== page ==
Scholten said that ICE is using “fear-mongering tactics” and trying “to bully our local officials into a kind of compliance that is simply not required under the law.”
“ICE is an agency with completely unchecked power to arrest and detain individuals, and, as evidenced by the recent case of Jilmar Ramos Gomez, sometimes based purely on blatant racial profiling,” she said.
ICE said that in fiscal year 2018, the agency made more than 3,600 arrests in Michigan and Ohio, of which about 75 percent had a prior criminal conviction or had pending criminal charges.
“These statistics make clear that the agency only conducts targeted enforcement focused first on criminals and public safety threats,” ICE said. “Claims of any type of random or indiscriminate enforcement are false.”
The three recent arrests by ICE in Kent County were of immigrants that ICE had issued a detainer request for, but was denied:
- A Honduran national arrested on charges of assault with intent to murder after he reportedly stabbed a man with a broken beer bottle in a fight.
- A Mexican national previously deported arrested on DUI charges.
- A Mexican national previously deported charged with operating while intoxicated. He was previously convicted on battery, fraud false info to law enforcement, and felony re-entry after deportation.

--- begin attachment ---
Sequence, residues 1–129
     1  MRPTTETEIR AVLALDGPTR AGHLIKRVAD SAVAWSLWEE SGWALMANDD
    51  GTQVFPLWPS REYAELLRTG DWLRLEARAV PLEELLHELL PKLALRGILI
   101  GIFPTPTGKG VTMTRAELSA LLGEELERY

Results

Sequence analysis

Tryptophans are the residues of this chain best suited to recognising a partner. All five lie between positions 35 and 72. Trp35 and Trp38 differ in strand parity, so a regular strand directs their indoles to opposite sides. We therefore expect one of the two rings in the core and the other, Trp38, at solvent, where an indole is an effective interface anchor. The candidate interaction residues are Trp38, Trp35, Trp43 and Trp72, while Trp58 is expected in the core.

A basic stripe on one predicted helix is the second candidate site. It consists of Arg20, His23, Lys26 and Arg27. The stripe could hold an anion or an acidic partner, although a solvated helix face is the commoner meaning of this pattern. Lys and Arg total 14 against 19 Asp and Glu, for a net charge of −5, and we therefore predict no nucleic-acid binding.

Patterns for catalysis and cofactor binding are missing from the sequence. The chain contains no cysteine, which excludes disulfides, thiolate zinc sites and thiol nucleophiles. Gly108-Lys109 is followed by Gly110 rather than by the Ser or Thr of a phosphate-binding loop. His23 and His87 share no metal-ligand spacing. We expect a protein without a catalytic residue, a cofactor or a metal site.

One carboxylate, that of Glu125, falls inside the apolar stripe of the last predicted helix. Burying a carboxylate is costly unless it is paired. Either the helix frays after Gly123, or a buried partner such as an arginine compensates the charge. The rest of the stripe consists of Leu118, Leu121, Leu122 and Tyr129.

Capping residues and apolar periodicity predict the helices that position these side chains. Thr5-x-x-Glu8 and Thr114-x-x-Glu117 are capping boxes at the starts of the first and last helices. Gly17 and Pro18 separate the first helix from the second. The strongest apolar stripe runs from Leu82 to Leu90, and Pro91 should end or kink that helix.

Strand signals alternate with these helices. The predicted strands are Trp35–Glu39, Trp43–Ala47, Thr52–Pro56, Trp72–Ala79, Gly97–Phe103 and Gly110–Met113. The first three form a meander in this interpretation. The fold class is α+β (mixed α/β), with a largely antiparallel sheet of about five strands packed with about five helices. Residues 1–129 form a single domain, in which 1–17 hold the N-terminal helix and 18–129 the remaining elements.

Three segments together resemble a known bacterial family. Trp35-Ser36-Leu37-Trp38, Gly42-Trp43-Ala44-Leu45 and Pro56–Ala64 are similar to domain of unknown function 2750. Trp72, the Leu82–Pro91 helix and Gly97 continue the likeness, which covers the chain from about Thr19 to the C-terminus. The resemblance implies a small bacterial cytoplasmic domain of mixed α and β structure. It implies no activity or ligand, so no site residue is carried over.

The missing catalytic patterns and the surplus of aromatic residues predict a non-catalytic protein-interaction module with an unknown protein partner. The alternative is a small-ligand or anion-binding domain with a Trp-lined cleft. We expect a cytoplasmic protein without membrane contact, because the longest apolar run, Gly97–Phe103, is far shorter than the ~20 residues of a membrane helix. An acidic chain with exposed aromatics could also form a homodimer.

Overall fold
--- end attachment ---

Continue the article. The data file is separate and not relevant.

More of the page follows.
ICE said that “sanctuary policies put public safety at risk.” If ICE is unable to pick up the immigrants from jail, they have to go out into the general public or a workplace, which could be dangerous for law enforcement and the public, ICE said.
Moreover, it could end up leading to even more arrests of undocumented immigrants.
“It is safer for everyone if we take custody of an alien in the controlled environment of another law enforcement agency as opposed to visiting an alien’s residence, place of work, or other public area,” ICE said. “Arresting a criminal in the safety, security, and privacy of a jail is always the best option.”
Miriam Auckerman, an attorney for the ACLU, said “it’s really appalling that ICE and now the White House would attack a sheriff for requiring due process and simply asking for a warrant.”
She said ICE has “this reckless approach to immigration enforcement.”
“They’re trying to deflect attention from the fact that ICE has an incredibly sloppy and ineffective and shoddy approach to investigations that resulted in a decorated veteran and U.S. citizen getting detained,” she said, referring to Ramos-Gomez. “Instead of taking responsibility, they’re trying to deflect” blame.
Aukerman said that if ICE was required to get a judicial warrant, Ramos-Gomez never would have been put in ICE custody and faced potential deportation.
The officer who alerted ICE about Ramos-Gomez and called him “loco” has been placed on leave, Grand Rapids Police said this week.
The issue of detainer requests has been debated in other parts of Michigan and the U.S. In 2017, Wayne County Sheriff Benny Napoleon said his jail would not agree to detainer requests unless there was a judicial warrant from a judge.